Characterization of MIPAS elevation pointing
1Forschungszentrum Karlsruhe, Institut für Meteorologie und Klimaforschung, Karlsruhe, Germany
2Operational MIPAS mission planner for ESA, Rhea System SA, Louvain-La-Neuve, Belgium
3Responsible for operational MIPAS mission calibration for ESA from 2002 to 2005 – Vitrociset S.p.A., Rome, Italy
4Dip.to di Chimica Fisica e Inorganica, Universitá di Bologna, Italy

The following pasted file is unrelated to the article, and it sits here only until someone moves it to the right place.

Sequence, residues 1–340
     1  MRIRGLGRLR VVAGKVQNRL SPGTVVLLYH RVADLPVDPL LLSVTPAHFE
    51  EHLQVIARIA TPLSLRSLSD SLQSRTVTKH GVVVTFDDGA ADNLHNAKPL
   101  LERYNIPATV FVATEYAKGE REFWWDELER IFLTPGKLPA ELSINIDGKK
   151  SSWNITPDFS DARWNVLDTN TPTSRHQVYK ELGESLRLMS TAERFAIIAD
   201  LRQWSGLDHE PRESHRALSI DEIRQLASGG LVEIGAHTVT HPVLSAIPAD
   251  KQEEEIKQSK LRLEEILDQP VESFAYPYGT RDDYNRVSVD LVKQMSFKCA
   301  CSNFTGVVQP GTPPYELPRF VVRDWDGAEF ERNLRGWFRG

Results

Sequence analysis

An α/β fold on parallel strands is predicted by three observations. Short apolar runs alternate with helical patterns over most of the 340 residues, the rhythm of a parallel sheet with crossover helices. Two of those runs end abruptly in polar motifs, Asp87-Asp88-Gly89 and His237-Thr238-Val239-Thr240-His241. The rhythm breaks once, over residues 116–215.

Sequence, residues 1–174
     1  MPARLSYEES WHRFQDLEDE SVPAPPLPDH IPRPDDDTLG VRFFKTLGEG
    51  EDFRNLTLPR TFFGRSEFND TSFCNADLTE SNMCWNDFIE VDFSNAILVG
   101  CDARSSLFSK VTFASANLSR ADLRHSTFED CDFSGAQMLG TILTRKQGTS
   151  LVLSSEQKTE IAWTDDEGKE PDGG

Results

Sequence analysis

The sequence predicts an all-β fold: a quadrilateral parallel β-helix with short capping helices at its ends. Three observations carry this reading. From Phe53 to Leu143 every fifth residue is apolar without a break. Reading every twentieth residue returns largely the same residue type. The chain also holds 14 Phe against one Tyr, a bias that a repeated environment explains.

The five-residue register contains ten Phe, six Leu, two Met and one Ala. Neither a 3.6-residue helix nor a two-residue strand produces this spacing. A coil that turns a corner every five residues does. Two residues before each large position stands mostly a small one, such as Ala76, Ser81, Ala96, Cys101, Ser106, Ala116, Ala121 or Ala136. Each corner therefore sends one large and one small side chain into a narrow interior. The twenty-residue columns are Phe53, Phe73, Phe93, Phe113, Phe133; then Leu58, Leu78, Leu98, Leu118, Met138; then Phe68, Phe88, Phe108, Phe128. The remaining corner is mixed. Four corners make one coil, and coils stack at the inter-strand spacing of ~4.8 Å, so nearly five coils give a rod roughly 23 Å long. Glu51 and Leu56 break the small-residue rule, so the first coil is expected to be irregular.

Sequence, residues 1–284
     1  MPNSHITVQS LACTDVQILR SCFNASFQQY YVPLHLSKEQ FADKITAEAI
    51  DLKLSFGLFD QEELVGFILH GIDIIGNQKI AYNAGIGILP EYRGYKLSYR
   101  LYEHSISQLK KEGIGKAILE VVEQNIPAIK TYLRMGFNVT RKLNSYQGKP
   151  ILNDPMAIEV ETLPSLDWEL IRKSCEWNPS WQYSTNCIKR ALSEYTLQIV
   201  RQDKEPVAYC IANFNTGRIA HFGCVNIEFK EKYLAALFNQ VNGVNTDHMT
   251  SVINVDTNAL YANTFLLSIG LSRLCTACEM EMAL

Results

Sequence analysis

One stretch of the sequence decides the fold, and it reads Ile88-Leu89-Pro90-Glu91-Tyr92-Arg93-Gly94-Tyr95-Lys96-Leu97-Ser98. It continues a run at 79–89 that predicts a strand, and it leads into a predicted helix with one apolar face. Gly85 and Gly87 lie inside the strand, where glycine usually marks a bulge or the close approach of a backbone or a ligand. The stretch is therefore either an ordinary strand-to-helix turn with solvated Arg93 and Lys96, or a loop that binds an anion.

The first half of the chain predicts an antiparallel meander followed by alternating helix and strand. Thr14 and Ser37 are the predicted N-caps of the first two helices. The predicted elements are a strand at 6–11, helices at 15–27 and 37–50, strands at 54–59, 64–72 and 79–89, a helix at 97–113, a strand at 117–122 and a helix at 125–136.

Abstract. Sufficient knowledge of the pointing is essential for analyses of limb emission measurements. The scientific retrieval processor for MIPAS operated at IMK allows to retrieve pointing information in terms of tangent altitudes along with temperature. The retrieved tangent altitudes are independent of the engineering Line-Of-Sight (LOS) information delivered with the ESA Level 1b product. The difference of pointing retrieved from the reprocessed high resolution MIPAS spectra and the engineering pointing information was examined with respect to spatial/temporal behaviour. Among others the following characteristics of MIPAS pointing could be identified: Generally the engineering tangent altitudes are too high by 0–1.8 km with conspicuous variations in this range over time. Prior to December of 2003 there was a drift of about 50–100 m/h, which was due to a slow change in the satellite attitude. A correction of this attitude is done twice a day, which led to discontinuities in the order of up to 2 km in the tangent altitudes. There is a systematic difference in the mispointing between the poles which amounts to 1.5–2 km, i.e. there is a conspicuous orbit-periodic feature. The analysis of the correlation between the instrument's viewing angle azimuth and differential mispointing supports the hypotheses that a major part of this latter phenomenon can be attributed to an uncorrected roll angle of the satellite/instrument system of approximately 54 mdeg. Complementary to this, ESA operational LOS calibration results were used to characterize MIPAS pointing. For this purpose MIPAS is used as a radiometer while the passage of infrared bright stars through the instrument's field of view is recorded. Deviation from expected time of passage gives information about mispointing. A pronounced seasonal variation of the LOS is seen before a correction of on-board software took place in December of 2003. Further a pitch bias of 24 mdeg with respect to the platform attitude information is found.